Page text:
A friend’s son, who lived in Tanzania for a year, gave me this lovely cloth which hangs in my office. The centerpiece is a picture of Julius Kambrage Nyerere who is considered the father of modern Tanzania. Mwalimu is the Swahili term for teacher which was President Nyerere’s first profession before he entered politics.
At the start of this month I (along with several of my Global Legal Research Center colleagues) attended a very engaging and thought-provoking presentation by Professor John Witte, Jr. titled “Sharia in the West? What Place for Faith-Based Family Laws in Liberal Democracies?” Professor Witte recently completed his term as the Cary and Ann Maguire […]
We are continuing to push forward on Congress.gov! We are working hard to refine the beta. Can you believe the launch was already two months ago? As with the first iterative update to Congress.gov, Jeanine has updated the About Congress.gov page: November 2012 Highlights of minor updates include: Member profiles search order tuning; Clarification of “Party history” for Members […]
This is a guest post by Pamela Barnes Craig, Instruction/Reference Librarian at the Law Library of Congress. Title IX of the Education Amendments of 1972, Pub. L. 92-318, 86 Stat. 235, 373 turned 40 years old on June 23, 2012. Its birthday passed much like it became law—quietly and unassumingly. Its impact, however, has been […]
Although they are not specifically mentioned in the U.S. Constitution, Executive Orders have been considered one of the President’s powers since George Washington’s administration. Executive Orders are exactly what they sound like—orders produced by the President, as head of the executive branch, that are “generally directed to, and govern actions by, Government officials and agencies.” […]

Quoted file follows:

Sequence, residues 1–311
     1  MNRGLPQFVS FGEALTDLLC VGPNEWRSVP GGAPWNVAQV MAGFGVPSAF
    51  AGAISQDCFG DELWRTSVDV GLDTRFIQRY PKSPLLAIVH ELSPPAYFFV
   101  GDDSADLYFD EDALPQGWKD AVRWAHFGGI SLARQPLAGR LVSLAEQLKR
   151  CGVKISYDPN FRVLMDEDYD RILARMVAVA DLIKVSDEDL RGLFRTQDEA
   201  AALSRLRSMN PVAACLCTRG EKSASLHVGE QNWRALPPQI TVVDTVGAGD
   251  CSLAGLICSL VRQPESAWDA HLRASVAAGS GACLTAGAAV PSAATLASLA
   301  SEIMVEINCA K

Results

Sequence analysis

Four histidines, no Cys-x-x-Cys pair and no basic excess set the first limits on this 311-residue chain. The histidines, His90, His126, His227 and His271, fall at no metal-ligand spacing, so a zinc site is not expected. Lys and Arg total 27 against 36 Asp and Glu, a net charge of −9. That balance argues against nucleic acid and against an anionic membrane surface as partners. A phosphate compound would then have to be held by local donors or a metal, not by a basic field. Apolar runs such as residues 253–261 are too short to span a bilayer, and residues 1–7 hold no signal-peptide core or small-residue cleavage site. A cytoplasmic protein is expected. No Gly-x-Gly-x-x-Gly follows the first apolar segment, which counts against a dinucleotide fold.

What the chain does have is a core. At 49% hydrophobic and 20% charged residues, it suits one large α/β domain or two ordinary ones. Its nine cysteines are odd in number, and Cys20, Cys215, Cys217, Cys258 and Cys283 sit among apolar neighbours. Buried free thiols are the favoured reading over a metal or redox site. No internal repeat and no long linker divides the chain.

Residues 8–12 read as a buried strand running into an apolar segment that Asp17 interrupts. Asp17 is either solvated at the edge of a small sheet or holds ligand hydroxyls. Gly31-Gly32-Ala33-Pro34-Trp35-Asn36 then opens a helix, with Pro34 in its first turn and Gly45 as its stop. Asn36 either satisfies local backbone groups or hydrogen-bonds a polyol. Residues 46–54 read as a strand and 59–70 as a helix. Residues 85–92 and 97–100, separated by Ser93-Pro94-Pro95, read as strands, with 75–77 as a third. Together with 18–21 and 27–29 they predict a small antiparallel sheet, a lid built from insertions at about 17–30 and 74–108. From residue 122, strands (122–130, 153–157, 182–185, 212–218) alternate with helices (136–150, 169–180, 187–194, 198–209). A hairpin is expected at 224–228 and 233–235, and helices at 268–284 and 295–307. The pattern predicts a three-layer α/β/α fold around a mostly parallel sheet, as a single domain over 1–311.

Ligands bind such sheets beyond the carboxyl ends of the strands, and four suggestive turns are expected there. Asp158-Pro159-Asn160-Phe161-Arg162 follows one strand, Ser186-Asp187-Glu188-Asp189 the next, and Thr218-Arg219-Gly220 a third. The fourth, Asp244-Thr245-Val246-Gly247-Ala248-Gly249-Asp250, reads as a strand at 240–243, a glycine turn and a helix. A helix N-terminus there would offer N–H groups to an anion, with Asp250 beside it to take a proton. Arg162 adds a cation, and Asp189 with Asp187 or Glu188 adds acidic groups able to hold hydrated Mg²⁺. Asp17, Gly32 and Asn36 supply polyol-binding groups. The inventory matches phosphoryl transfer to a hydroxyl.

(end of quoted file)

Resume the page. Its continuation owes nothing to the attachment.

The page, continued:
We’ve had an update to the Law Library of Congress physical spaces. The front doors to our main office were recently replaced with glass doors. We often talk about transparency in government, and the doors are our small symbolic contribution to making our inner workings “see-through.” The glass also lets visitors see into the […]
This interview is with Nana Ghvaladze, a parliamentary staffer from the Republic of Georgia who spent four weeks in October and November at the Law Library of Congress as a participant of the Legislative Fellows Program supported by the U.S. Department of State and administered by the American Councils for International Education, . Describe your […]
The following are the top 10 most viewed articles from the general content of the Global Legal Monitor in the order of their popularity: China: Maternity Leave Extended from 90 Days to 98 Days France: Law on Immigration, Integration and Nationality U.N. Human Rights Council: First Resolution on Internet Free Speech South Korea: Permanent Dual […]
Mark your calendars! In recognition of International Human Rights Day, the Law Library will host a panel discussion on issues surrounding bioethics: “Bioethics and Human Rights: Privacy and Consent.” The event is scheduled for 1 p.m. on Thursday, Dec. 6 in the Mumford Room, which is on the sixth floor of the James Madison Building, 101 Independence Ave., […]
The Law Library of Congress staff is celebrating the arrival of our new scanner. The scanner is located in the Law Library Reading Room where patrons can now scan materials and download images to a flashdrive. How cool is that!